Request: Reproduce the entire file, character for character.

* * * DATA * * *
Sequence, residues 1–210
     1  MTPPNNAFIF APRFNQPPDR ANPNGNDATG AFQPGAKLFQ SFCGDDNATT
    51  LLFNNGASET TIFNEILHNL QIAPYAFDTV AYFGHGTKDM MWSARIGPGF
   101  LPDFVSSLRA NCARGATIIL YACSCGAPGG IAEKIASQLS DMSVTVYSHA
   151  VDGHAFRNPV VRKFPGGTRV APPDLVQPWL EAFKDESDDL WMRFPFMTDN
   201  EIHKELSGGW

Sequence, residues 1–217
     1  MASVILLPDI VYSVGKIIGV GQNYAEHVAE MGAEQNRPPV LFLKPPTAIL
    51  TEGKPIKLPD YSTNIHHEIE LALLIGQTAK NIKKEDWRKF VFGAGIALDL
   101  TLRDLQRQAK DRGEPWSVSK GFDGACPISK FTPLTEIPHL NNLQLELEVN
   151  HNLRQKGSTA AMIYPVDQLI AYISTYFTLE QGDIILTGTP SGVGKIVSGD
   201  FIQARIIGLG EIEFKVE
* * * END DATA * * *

Sequence, residues 1–210
     1  MTPPNNAFIF APRFNQPPDR ANPNGNDATG AFQPGAKLFQ SFCGDDNATT
    51  LLFNNGASET TIFNEILHNL QIAPYAFDTV AYFGHGTKDM MWSARIGPGF
   101  LPDFVSSLRA NCARGATIIL YACSCGAPGG IAEKIASQLS DMSVTVYSHA
   151  VDGHAFRNPV VRKFPGGTRV APPDLVQPWL EAFKDESDDL WMRFPFMTDN
   201  EIHKELSGGW

Sequence, residues 1–217
     1  MASVILLPDI VYSVGKIIGV GQNYAEHVAE MGAEQNRPPV LFLKPPTAIL
    51  TEGKPIKLPD YSTNIHHEIE LALLIGQTAK NIKKEDWRKF VFGAGIALDL
   101  TLRDLQRQAK DRGEPWSVSK GFDGACPISK FTPLTEIPHL NNLQLELEVN
   151  HNLRQKGSTA AMIYPVDQLI AYISTYFTLE QGDIILTGTP SGVGKIVSGD
   201  FIQARIIGLG EIEFKVE